Before you throw out a shower head that just doesn't spray right. Soak it in vinegar and baking soda. Remove shower head. Set in big bowl with spray side down. Sprinkle baking soda into inlet hole (a couple teaspoons should do) now pour vinegar in, enough to cover the head. Watch crud boil away. Soak overnight. Wrap threads of shower inlet pipe with plumbers tape and reconnect.
About 14 months ago, I needed to clean the shower before company arrived, but had just taken a shower. I sprayed the wet shower with lemon juice and noticed when repeating the spraying that it seemed to be working faster than it had when starting with a dry shower. Since then, I’ve been spraying the shower after using it (while still wet) with a light spray of lemon juice. I have not needed to scrub the shower since! All that’s needed is wiping it with a cloth dipped in warm water, and occasionally, a little Soft Scrub when I feel a rough patch where soap scum is starting to build up. This method has also removed the previously nearly impossible to remove stains on the flexible hose and fittings to the shower head and the shower curtain liner.
I’d like to offer a second option as a solution for a chalky, clogged, old showerhead – replace it! In this video, I show you how to remove your old showerhead and install a new one (or the same one, once it’s been cleaned). Note: if you want to salvage your old showerhead, you’ll have better luck cleaning it when it’s off the shower arm so you can get at it from the inside as well.
Norma Vally, the former host of Discovery Home Channel’s series “Toolbelt Diva” and a show on Sirius Satellite Radio by the same name. The weekly column is designed to inspire women – weekend warriors, aspiring handywomen, and even seasoned DIYers – to take on home repairs and maintenance projects with confidence and gusto. Fix-It Friday is an exclusive Women You Should Know® editorial series authored by seasoned veteran of home improvement,
Fill a spray bottle with undiluted lemon juice; add a couple drops of dish soap as a surfactant if you want but don’t overdo it; it’s the lemon juice that does the work. Spray all surfaces repeatedly (letting it soak after each application), until you see some results. When you first start, it will appear to have no more effect than spraying water, but, eventually the stains will start to “run”. Once the lemon juice has loosened the scale, you can use a non-abrasive scrubbing pad with Soft Scrub or Bon Ami to remove it.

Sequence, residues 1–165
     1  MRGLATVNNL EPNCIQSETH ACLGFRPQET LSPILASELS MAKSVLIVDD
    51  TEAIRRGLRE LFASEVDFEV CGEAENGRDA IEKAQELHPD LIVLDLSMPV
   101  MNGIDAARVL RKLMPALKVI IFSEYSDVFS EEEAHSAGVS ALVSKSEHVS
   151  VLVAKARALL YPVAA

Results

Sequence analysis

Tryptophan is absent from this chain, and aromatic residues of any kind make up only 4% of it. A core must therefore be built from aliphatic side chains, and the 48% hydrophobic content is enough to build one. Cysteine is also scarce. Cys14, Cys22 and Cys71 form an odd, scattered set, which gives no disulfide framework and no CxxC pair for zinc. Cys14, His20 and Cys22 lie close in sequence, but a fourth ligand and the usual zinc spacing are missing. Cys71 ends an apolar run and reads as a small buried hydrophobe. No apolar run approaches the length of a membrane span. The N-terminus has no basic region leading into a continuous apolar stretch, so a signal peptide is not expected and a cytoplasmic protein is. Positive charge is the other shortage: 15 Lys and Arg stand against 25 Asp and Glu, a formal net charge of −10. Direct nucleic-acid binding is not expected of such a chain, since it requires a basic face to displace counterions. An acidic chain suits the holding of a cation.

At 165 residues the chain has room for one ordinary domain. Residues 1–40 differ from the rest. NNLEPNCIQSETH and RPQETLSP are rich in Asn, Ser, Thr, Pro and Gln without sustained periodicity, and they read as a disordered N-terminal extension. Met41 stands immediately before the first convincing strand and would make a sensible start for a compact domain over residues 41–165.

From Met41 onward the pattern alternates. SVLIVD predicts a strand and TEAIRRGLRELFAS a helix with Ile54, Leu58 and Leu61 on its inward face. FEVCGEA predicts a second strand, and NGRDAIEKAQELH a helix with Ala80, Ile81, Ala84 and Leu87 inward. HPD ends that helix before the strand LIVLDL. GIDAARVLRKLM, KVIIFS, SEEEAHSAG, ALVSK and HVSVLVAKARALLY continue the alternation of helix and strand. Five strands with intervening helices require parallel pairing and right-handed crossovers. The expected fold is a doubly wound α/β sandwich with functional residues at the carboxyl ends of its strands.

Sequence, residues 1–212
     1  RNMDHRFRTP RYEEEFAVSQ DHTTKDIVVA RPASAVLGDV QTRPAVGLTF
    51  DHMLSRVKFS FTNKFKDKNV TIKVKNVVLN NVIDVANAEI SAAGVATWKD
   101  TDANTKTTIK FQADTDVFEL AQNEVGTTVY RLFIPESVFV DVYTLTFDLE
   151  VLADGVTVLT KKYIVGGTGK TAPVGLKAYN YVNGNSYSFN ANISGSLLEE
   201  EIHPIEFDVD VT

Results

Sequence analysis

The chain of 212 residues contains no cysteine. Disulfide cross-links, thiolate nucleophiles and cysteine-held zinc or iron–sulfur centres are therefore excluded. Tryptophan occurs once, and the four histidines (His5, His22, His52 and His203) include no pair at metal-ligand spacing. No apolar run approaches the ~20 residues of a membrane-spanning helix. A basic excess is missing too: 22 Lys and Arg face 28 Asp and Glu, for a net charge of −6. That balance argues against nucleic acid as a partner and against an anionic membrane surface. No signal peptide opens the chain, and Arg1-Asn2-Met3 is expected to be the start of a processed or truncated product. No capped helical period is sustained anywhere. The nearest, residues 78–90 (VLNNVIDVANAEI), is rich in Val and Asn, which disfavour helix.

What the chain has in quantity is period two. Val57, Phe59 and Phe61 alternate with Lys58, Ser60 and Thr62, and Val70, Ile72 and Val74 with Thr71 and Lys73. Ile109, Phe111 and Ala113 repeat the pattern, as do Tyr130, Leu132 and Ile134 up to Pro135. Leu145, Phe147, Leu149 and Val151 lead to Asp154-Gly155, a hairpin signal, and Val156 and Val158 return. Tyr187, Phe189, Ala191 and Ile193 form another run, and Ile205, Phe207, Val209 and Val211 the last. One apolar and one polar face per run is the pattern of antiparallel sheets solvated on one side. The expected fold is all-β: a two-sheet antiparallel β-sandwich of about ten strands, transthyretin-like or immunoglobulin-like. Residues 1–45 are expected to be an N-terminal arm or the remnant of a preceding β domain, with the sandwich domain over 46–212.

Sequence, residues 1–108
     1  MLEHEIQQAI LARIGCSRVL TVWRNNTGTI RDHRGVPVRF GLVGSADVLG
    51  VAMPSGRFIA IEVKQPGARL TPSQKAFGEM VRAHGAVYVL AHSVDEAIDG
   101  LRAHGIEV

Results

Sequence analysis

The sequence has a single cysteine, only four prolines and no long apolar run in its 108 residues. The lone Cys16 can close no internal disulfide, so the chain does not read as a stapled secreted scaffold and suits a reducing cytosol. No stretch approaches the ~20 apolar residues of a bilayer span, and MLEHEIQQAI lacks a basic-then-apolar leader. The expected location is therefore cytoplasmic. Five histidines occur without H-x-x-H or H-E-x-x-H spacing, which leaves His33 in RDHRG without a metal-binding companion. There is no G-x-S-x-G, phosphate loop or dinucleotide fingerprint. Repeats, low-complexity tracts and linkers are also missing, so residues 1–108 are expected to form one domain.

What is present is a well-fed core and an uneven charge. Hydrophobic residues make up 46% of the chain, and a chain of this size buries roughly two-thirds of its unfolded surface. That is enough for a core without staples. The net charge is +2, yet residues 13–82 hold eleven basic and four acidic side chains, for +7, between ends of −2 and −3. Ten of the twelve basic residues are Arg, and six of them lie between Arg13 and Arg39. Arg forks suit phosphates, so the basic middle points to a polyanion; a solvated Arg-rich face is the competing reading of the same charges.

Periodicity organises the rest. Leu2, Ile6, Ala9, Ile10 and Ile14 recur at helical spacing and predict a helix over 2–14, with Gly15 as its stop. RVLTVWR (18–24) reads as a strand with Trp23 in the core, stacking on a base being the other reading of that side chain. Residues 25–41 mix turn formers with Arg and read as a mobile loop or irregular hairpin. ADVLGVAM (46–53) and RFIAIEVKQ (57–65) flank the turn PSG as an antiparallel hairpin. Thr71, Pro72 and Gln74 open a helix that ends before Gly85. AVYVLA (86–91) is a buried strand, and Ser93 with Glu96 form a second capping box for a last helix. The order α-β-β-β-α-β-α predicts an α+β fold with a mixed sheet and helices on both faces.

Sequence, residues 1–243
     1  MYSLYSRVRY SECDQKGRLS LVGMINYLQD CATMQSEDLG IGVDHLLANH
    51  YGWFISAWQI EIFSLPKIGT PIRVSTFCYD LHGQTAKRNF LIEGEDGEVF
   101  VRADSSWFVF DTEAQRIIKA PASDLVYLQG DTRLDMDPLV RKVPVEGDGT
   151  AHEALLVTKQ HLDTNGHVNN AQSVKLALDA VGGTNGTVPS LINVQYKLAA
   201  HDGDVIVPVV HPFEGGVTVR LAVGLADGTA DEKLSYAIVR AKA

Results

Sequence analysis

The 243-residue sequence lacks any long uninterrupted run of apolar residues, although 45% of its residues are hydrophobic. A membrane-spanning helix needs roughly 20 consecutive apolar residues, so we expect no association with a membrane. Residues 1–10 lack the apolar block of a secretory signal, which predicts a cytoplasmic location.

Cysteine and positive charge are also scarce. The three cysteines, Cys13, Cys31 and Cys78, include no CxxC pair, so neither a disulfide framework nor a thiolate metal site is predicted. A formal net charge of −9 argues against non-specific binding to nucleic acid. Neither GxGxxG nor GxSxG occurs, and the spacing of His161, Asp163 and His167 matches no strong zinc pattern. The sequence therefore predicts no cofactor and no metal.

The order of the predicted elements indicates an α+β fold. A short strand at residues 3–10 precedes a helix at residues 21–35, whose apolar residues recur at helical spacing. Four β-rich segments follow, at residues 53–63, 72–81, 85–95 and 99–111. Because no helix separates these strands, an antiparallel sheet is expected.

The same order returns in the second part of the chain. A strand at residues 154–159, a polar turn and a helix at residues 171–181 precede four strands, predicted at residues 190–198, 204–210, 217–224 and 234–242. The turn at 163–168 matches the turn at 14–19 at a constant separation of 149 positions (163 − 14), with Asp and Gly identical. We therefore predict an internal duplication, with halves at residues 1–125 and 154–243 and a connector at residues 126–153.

This is the most sought after cleaning supply that almost every household has for good. Its cleaning capacity has long been established and there are no doubts about it. With that said, cleaning your shower with baking soda; should not come as a surprise for sure. That is correct and all you need to do is to follow simple procedures for accomplishing your goals.
Open the showerhead holes by soaking the head overnight in a vinegar bath and poking the loosened mineral scale free with a toothpick. Rinse the showerhead in tap water, then reinstall it by applying Teflon tape to the wall pipe threads, screwing it on and tightening it by reversing the technique in Photo 1. Complete the repair by turning on the cold water in the shower and blasting out any remaining mineral gunk to make sure you have a clean shower head.
Over time, hard-water minerals in tap water build up and clog the spray holes in showerheads. Fix this problem by removing the showerhead and cleaning it. Buy a lime removing product to loosen the scale, or soak the head overnight in vinegar (either white or apple cider). Check the owner’s manual or manufacturer’s website to confirm that vinegar won’t harm the finish.
A quick internet search on how to descale any household object will nearly always lead to white vinegar. Even sensitive items like sterilisers for baby bottles are in safe hands. When using vinegar to descale a shower head, the first thing to get right is the type of vinegar. Malt vinegar isn’t particularly effective and brown vinegar may stain, so white distilled vinegar is best.